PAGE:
Past presidents have made strange requests of the FBI, some of which were documented by J. Edgar Hoover.
Crime data reflect only what crimes are identified by the police – not all the crimes that occur. So decisions based on crime data are necessarily biased and incompletely informed.
Algorithms can have enormous consequences on people's lives, yet a federal law prevents us from studying whether they may be biased, unfair or discriminatory.
A study that suggested Chronic Fatigue Syndrome was more psychological than physical has been debunked. How did the data get doctored?
Can social media create opportunities to identify and challenge government pitfalls and problematic policies?
Politicians should be subject to a penalty regime similar to the far more stringent one that applies to company directors.
A European Union law will require human-understandable explanations for algorithms' decisions. A team of researchers has found a way to provide that, even for complex calculations.
South Africa's mining industry is on an unsustainable trajectory and needs to undergo fundamental transformation that emphasises transparency, equity, and community participation.
The government has announced it will accept recommendations to make the university admissions process more transparent. But that alone isn't enough.
A historian and biographer of J. Edgar Hoover answers questions on how FBI director James Comey is handling a position with a dark past.
China will have to play by international rules on transparency and accountability if it wants to secure its place as a leader for economic development in Asia.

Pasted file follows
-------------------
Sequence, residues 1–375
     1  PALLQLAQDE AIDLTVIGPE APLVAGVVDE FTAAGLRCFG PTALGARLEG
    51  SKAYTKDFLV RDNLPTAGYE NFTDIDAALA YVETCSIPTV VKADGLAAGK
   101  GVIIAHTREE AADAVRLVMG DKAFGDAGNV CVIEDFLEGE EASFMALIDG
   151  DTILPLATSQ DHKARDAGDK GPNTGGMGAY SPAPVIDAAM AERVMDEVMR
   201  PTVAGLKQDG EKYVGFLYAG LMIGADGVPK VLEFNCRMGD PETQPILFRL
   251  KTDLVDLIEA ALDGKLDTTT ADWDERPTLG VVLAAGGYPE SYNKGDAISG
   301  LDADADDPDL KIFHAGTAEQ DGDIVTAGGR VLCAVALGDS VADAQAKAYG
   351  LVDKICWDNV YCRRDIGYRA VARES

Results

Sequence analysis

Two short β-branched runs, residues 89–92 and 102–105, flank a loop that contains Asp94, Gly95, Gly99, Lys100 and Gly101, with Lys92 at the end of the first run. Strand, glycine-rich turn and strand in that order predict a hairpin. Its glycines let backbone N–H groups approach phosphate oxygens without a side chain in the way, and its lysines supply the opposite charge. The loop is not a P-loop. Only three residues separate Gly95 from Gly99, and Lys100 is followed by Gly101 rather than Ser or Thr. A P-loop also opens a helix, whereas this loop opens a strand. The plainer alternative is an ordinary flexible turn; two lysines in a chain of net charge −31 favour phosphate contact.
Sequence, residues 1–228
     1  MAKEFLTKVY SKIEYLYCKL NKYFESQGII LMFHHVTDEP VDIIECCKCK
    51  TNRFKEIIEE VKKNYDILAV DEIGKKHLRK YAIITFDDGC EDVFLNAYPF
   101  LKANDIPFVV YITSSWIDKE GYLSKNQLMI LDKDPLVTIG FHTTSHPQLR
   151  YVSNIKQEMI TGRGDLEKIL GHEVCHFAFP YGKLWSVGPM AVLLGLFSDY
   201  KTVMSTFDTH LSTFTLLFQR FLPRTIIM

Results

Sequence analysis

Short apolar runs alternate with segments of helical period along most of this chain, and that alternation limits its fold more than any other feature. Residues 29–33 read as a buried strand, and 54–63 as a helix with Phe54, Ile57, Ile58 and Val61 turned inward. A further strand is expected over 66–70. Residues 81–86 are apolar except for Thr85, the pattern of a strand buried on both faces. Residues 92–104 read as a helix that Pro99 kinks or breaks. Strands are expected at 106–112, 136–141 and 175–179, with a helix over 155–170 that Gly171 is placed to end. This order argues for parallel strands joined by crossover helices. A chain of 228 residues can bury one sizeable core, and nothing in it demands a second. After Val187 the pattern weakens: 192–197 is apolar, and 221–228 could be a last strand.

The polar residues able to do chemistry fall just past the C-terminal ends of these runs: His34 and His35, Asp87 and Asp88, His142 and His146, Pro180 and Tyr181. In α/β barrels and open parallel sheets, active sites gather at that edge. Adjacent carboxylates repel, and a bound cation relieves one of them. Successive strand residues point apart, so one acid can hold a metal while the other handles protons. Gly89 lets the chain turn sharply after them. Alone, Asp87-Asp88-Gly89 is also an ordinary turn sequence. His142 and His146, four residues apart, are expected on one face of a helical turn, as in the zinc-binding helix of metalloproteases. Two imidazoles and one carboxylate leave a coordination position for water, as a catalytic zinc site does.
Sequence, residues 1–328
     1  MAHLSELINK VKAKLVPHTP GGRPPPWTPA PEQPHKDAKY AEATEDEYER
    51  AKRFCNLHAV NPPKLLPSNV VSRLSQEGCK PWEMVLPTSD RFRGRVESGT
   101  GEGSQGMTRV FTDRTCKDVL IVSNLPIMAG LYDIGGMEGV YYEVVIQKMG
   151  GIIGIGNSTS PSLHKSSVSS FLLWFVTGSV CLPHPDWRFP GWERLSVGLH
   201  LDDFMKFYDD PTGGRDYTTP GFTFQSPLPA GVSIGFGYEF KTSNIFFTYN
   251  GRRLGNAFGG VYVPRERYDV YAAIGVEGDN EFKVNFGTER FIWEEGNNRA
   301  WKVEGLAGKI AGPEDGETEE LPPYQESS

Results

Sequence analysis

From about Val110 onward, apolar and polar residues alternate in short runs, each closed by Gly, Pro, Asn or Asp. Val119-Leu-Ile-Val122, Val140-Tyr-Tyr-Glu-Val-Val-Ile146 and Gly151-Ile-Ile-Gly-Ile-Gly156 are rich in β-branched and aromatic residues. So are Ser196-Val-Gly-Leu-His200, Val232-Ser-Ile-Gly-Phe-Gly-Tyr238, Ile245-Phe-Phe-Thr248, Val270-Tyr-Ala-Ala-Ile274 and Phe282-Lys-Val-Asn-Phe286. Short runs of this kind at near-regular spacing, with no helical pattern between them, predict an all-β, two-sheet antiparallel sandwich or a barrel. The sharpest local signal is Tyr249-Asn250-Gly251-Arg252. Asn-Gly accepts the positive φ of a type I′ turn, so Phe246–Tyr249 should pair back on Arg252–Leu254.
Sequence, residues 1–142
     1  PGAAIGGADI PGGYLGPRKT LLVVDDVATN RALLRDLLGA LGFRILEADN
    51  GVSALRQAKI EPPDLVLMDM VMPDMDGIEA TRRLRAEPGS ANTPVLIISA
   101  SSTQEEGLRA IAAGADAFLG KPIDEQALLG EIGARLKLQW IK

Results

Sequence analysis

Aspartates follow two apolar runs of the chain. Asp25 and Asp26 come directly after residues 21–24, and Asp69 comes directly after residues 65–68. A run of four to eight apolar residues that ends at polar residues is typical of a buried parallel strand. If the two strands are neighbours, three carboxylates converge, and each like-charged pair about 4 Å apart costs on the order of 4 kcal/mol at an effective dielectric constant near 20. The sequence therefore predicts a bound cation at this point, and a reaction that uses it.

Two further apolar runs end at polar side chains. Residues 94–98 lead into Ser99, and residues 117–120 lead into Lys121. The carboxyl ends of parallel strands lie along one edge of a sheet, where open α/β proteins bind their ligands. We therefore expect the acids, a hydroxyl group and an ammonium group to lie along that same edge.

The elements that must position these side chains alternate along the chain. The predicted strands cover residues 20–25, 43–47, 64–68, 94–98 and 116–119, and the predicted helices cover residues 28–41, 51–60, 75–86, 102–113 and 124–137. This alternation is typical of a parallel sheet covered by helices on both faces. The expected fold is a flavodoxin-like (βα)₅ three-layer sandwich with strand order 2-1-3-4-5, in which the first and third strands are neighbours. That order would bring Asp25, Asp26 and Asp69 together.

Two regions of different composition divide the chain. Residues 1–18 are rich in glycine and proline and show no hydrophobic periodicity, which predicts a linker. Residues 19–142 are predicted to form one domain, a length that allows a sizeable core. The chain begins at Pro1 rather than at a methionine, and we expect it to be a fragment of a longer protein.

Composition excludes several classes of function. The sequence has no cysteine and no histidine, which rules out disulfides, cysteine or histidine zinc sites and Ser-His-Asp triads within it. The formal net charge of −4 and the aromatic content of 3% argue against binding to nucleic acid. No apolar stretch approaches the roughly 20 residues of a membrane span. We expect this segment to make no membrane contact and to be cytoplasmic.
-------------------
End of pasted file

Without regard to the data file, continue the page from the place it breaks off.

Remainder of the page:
The World Bank risks looking hypocritical and becoming redundant if it doesn't improve its own management.
The financial products offered by the shadow banking sector allow investors to be further removed from their investments and banks to escape regulation, increasing the risk in the sector overall.
The government should follow through on setting up a register of beneficial ownership of companies if it wants to get serious about tax evasion.
Why is it that we want strong democracies for ourselves, but "economic czars" for others?
A new report from Sense About Science reveals the scale of politics before evidence.
Data-driven algorithms drive decision-making in ways that touch our economic, social and civic lives. But they contain inherent biases and assumptions that are too often invisible to the public.
Pay transparency laws are the latest effort to eliminate the still-yawning gap between the salaries of men and women. Do they work?
Student funding processes must be opened up to public scrutiny and participation if they're to succeed.
Kenya's university budgets are a closed book – and this lack of transparency is bad for institutions and the country as a whole.